The statue in discussion is one of the iconic statues of Mumbai, known as ‘Khada Parsi’ or ‘Standing Parsi’ in English. Sadly, despite being placed in one of the busiest junctions of the city, a majority of Mumbaikars have neglected this crucial piece of History and Heritage. Almost 40 feet tall and 150 year old cast iron structure and bronze statue of Shet Cursetjee Manockjee, was built in 1860s by his youngest son Manockjee Cursetjee, by spending almost a lakh of rupees then. Manockjee, known as a reformer in education sector, is responsible for founding one of the first schools for girls in Mumbai in 1863, now called Alexandra Girls English Institution, located in South Mumbai.
The statue was built in parts, in London and the separate parts of it were brought to India via-sea route. The various parts were later assembled and then stood the Parsi. The Parsi community has made tremendous contributions in the development of Mumbai and this statue should have been treated with due respect, all over the years, as a mode of recognition to the contributions made by Parsi community. Sadly, just like majority of heritage structures in our country, the statue met with the similar fate.
Before Brihanmumbai Municipal Corporation (BMC) decided to carry out a restoration of this iconic statue in October last year by spending almost Rs 1.2 crores, the statue had suffered tremendous damage. While corrosion of the metal due to massive pollution was one of the major reasons to worry, the metal used in the construction was a good gain for petty thieves on the roads of Mumbai. The lamps on the statue were stolen, parts of cast iron shaft were gone and the four mermaids on top of the fountain never looked so dreadful and robbed, after receiving a number of hammer shots from thieves to separate the iron parts. I forgot to mention, the genius road department of the BMC had built footpath almost a foot above the fountain, blocking the fountain. Being adjacent to flyover, the open space around the statue had become home for a family. Currently the same family has shifted to the neighbouring flyover. It was only after the constant pursuance from conservation activists, architects and citizens that the BMC decided to restore the old glory.
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Can anyone please guide me with the relevant infomation ?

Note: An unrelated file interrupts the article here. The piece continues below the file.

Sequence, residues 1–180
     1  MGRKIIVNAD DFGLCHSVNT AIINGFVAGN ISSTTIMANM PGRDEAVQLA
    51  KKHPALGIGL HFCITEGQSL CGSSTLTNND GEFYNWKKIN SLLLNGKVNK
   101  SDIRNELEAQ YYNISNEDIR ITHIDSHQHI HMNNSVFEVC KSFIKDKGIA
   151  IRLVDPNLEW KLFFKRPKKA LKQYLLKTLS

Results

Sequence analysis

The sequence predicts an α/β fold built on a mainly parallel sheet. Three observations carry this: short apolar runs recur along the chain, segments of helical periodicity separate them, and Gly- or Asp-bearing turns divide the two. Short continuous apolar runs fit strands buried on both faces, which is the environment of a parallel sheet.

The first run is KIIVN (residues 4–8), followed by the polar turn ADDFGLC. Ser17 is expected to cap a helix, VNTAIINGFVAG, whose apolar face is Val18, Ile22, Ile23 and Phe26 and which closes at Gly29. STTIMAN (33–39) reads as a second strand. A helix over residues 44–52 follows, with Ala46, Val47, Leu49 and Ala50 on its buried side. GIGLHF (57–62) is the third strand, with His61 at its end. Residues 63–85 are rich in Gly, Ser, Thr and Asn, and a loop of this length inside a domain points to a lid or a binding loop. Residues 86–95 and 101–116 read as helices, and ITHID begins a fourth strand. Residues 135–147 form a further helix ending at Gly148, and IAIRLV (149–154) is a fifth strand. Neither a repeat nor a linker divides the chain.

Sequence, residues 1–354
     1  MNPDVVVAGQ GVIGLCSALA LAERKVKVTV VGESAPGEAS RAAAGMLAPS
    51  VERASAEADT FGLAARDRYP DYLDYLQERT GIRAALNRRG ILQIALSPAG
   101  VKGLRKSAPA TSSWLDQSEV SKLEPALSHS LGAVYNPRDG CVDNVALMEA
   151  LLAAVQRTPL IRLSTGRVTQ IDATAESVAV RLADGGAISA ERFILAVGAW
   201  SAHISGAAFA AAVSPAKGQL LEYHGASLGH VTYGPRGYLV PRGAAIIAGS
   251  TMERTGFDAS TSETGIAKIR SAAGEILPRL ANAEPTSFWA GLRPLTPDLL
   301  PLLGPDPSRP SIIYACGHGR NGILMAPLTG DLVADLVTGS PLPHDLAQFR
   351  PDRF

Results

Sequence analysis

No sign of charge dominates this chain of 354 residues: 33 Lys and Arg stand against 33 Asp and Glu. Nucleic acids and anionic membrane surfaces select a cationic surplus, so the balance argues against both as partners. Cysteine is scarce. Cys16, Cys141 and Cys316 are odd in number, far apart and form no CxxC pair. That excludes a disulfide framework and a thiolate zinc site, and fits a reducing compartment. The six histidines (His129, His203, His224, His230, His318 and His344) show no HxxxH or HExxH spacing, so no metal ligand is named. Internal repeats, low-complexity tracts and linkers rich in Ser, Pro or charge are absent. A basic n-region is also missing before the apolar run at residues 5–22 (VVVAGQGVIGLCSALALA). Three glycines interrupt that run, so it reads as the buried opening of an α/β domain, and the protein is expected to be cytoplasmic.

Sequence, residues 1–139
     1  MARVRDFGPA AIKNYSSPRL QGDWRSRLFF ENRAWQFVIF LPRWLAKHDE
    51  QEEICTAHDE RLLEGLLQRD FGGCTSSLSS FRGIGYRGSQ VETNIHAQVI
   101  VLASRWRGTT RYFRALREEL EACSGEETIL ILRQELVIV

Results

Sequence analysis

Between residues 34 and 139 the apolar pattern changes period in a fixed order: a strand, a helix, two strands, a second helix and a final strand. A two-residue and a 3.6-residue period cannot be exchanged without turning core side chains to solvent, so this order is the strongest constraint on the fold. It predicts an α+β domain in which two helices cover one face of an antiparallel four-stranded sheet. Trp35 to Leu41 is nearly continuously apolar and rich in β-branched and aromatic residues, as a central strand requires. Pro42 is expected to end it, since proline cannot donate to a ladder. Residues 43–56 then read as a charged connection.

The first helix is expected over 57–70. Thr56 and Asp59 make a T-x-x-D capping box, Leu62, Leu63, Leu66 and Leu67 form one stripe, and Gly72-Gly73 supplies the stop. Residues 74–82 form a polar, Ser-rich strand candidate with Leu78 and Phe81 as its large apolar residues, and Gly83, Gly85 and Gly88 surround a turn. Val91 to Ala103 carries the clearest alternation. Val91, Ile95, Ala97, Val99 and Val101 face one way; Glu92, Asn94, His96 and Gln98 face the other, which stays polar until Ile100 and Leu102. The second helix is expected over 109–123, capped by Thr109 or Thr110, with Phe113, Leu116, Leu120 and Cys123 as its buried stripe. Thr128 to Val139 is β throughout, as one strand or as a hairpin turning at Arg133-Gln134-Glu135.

Recently in reading Charles Allen s deeply researched book on Ashoka I came across repeated referances to the strong connection his empire had with the Persian empire and the great influence of Persian and Greco Persian architecture on the stupas and other structures of his time
Some years back I remember reading about a Parsi lady archaeologist conducting a dig at a site in either UP or Bihar and having unearthed very important artifacts etc to establish the fact that the Persian empire did extend right upto this part of India and I would wish to know more about the overall findings of this study
Would it confirm the more than 2000 year old connection between the two civilisations and ofcourse the probable strong nexus between Rigvedic and the Zoroastrian religions ?
Would be grateful to hear from anyone who knows more about this or can identify the lady archaeologist or guide me to further reading on this subject
My other ids are
The Cyrus Cylinder has left its British Museum repository for its first U.S. tour, beginning at the Smithsonian Institution’s Arthur M. Sackler Gallery in Washington. “The Cyrus Cylinder and Ancient Persia” showcases this 2,600-year-old archeological treasure amid other artifacts from the Achaemenid Empire (550–331 B.C.) founded by the Persian ruler Cyrus the Great.
Among the most important objects in world history, the cylinder “in its time declared a new way of ruling in which disparate races and people were not oppressed into conformity but respected for diversity,” Freer Gallery of Art and Arthur M. Sackler Gallery Director Julian Raby told journalists at the preview.